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Writer: Rose Skelton, Images: Alistair Redding

A Londoner is giving African cuisine a new spin (Originally published October 2015)

THE FIRST-FLOOR DECK OUTSIDE ZOE’S GHANA Kitchen gives the perfect view of London’s hectic Brixton street market. “We’ve got Brixton market right there – it makes my life as a chef so very convenient,” says Zoe Adjonyoh, a south London-born chef of Irish and Ghanaian heritage. She also buys fresh produce from Ghanaian shops in Hackney, east London. “I get my mackerel round the corner; I get my fresh stuff, like plantain, here,” she says, pointing towards the market. “There’s a lady called Rosie who makes puff-puff for me. It’s all here.” Adjonyoh used to make puff-puff, the much-loved Ghanaian doughnut, herself, but these days space is tight. That’s because the 37-year-old chef, who started her cooking career just five years ago making a one-pot peanut stew at Hackney Wick arts festival, now has a fixed restaurant space at POP Brixton.

POP is a newly opened complex created from shipping containers to house cafes, restaurants, shops, performance venues and workshops run by local entrepreneurs. Adjonyoh’s container and attached deck aren’t more than a few feet wide and the kitchen is little more than a counter at one end. To say that space is limited is an understatement. But what comes out of the kitchen – crispy okra tempura, deeply flavoured plantain chips, griddled lamb cutlets with Adjonyoh’s famous spiced peanut sauce, strips of chicken with a hot jollof buttermilk coating, piled with spring onions and hot red peppers and a bowl of smoked fish mayonnaise to dip them in – are concoctions that could have come out of a fully staffed professional kitchen.

“I change my menu and recipes according to the environment I’m cooking in,” says Adjonyoh, who still does pop-up restaurants at festivals like the Isle of Wight’s Bestival, Manchester Food Festival and Africa Utopia on London’s South Bank. “So here we do lamb cutlets, marinate them in fresh ginger, seasoning, cayenne pepper, griddle them lightly so they’re served pink, and then add the peanut sauce, freshly crushed peanuts, spring onions,” she says. “It’s more about the meat and the combination of the spicy marinade, and then the sweet spice of the sauce brings it together. That’s reinterpreting a very traditional dish and modernising it,”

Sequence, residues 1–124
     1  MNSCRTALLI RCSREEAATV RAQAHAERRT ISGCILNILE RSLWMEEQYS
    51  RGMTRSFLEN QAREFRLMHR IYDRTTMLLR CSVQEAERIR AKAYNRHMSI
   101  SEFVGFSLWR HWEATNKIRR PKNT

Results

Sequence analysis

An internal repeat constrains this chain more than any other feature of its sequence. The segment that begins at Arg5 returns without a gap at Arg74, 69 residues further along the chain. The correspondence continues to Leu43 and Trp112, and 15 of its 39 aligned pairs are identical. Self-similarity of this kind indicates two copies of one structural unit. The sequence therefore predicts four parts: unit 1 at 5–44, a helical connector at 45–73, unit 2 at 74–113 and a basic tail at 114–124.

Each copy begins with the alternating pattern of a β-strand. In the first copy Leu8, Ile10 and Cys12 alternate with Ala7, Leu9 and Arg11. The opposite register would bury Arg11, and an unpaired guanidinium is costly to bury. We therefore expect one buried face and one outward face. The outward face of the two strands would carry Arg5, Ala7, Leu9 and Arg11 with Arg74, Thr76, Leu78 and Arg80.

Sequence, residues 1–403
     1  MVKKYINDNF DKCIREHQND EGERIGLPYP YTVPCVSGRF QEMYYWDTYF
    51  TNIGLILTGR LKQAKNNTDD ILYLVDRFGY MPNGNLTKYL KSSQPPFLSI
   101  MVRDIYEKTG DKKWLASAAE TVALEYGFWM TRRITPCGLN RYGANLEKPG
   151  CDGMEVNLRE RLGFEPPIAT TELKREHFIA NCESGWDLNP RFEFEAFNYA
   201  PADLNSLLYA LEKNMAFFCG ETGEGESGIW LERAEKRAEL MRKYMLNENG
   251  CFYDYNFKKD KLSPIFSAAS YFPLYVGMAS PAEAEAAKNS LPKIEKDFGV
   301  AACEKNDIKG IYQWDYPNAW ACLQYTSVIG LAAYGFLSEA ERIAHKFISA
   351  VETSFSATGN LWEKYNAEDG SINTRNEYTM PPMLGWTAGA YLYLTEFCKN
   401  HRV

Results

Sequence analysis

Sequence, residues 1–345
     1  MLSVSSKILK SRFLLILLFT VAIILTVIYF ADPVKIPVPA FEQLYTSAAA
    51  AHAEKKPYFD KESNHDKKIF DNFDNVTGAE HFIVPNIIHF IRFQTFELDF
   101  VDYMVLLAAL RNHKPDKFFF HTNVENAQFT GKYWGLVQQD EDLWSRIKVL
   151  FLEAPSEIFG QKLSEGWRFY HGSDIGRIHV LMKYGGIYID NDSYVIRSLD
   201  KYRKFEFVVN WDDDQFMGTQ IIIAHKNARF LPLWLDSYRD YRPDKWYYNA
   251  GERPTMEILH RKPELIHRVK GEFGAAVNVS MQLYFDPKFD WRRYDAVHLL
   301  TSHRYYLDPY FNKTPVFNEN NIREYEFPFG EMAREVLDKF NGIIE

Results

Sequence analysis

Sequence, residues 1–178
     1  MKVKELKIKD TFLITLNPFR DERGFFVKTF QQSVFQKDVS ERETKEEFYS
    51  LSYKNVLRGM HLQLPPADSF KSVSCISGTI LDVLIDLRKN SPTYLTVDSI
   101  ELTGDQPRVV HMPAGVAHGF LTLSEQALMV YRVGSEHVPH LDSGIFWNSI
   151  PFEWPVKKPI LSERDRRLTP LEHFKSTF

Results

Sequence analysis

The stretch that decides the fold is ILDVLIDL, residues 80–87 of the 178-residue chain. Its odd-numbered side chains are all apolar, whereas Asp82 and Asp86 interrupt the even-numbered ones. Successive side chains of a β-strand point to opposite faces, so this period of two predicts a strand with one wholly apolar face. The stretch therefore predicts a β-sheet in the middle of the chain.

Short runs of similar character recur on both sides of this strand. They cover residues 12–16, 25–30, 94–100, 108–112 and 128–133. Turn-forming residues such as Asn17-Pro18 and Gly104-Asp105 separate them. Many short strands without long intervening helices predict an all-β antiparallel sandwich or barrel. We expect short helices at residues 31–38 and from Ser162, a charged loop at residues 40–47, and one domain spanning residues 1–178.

Reinterpreting traditional recipes – in this case groundnut stew – and making them more accessible to British restaurant-goers is what Zoe’s Ghana Kitchen is all about. Just around the corner, in Brixton, Loughborough Junction and Walworth Road, are Ghanaian restaurants that serve the traditional dishes that would be found in any chop house in Ghana. Adjonyoh’s concept – although not conflicting – is something new.

“The whole idea of Zoe’s Ghana Kitchen is different because it’s a more inclusive space, a more inclusive menu, a more inclusive idea. My idea is to take really great Ghanaian food ingredients and flavours, and sometimes they’re traditional recipes and sometimes they’re not, sometimes it’s my take on a thing or I’ll respin it. The whole point of everything, including the decor, the laidbackness, the atmosphere, is all about inclusiveness and accessibility. My concept is to make this cuisine as accessible as possible to as many people as possible.”